Firefighters union in NI safety warning over job cuts
The "dwindling" number of firefighters in Northern Ireland is threatening their ability to respond to large-scale fires, a union has said.
The Fire Brigades Union (FBU) said numbers have fallen by 10% since 2010 and added that it "beggars belief" that further cuts are planned.
The Northern Ireland Fire and Rescue Service (NIFRS) conceded it has about 200 fewer fighters than it had in 2010.
But NIFRS insisted it would continue to provide a "safe and effective service".
Figures from the NIFRS show that in April 2010, there were a total of 1,943 firefighters in Northern Ireland, more than half of whom were part-time.
At the start of this week, the current total stands at 1,745, a decrease of 198 firefighters (or just over 10%) since 2010.
Jim Quinn from the FBU said that cuts to firefighter numbers in Northern Ireland during the past year had been "the worst in the UK".
Using a Freedom of Information (FOI) request, the FBU said it had learned there were 82 fewer firefighters in Northern Ireland at the start of this financial this year compared to the year before, a cut of 4%.
The union compiled figures from fire authorities across the UK using "provisional headcount" figures on 31 March each year.
"England and Scotland have seen 1% and 3% increases in posts respectively, while Wales has had numbers reduced by 1%," said Jim Quinn, FBU executive council member for Northern Ireland.
"Why is it that Northern Ireland is seeing bigger reductions in firefighter numbers than the rest of the UK?" he asked.
"Lives here matter no less than they do in England, Scotland or Wales. It's a disgrace."
Mr Quinn added that mountain wildfires and the huge blaze that destroyed Primark's Belfast store in August 2018 demonstrated "the vital need to mobilise quickly for a large-scale fire".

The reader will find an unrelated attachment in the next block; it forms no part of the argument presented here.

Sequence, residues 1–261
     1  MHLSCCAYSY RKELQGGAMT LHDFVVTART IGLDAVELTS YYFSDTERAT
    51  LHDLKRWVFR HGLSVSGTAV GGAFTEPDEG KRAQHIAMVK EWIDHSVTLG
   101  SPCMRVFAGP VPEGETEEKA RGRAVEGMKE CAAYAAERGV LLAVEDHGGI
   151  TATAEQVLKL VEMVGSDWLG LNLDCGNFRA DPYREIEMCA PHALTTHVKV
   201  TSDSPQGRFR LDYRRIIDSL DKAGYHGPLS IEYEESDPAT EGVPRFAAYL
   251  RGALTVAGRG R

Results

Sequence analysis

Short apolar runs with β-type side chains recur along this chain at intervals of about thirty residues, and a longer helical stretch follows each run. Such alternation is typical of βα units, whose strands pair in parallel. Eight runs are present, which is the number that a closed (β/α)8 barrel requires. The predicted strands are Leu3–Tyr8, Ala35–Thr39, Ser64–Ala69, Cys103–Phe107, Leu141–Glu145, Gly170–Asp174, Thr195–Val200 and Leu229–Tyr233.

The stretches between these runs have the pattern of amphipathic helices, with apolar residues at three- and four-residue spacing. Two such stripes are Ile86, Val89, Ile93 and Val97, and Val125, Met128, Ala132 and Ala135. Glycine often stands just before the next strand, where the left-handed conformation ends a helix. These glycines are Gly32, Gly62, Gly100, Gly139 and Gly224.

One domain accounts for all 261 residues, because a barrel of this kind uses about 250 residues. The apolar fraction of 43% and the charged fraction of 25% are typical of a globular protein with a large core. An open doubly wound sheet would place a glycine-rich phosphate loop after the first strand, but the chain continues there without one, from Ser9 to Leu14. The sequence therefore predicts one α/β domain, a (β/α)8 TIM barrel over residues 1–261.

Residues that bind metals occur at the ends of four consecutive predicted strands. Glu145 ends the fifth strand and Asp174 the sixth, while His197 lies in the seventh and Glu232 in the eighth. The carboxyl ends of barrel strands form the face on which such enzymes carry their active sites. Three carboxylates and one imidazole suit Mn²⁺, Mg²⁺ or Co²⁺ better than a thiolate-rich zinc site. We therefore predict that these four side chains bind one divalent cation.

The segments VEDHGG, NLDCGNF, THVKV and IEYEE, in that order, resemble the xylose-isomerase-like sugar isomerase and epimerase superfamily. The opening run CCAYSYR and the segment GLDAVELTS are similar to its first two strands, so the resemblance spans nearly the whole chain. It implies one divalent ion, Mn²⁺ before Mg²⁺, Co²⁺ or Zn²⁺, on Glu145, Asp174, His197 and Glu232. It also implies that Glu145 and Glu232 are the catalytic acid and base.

"With firefighter numbers dwindling, our ability to properly respond to these incidents is under threat," said the union representative.
But the NIFRS pointed out that the total strength of its firefighting workforce was exactly the same today (1,745) as it was at the time of the Primark fire last summer.
"It is unhelpful to suggest that NIFRS would not be in a position to respond to another incident on a similar scale and there is no evidence to support this assertion," said the interim Chief Fire and Rescue Officer Michael Graham.
Last month, BBC News NI reported that NIFRS was planning to cut crews to deal with budgetary pressures and that smaller towns were likely to be hit hardest.
Documents seen by the BBC said full-time fire cover would change to part-time in a number of locations, including Carrickfergus, Enniskillen and Armagh city.
The service has been dealing with a £3.2m budget shortfall since the start of this financial year.
The chief fire officer said the NIFRS was continuing "to manage all of our resources in a safe and effective way".
"This now includes NIFRS using operational personnel in a more flexible manner, which ensures that we continue to have the right number of firefighters, in the right place, at the right time, in line with risk," said Mr Graham in a statement responding to the union's concerns.
He added that 28 new firefighters would be joining the organisation by the end of September and, "budget permitting", there are plans to recruit another 28 before the end of this year.
During 2018-19, the number of emergency calls handled by NIFRS increased by 5.6% on the previous year, to 38,511.
It also attended 24,586 incidents, up 2% on the previous year.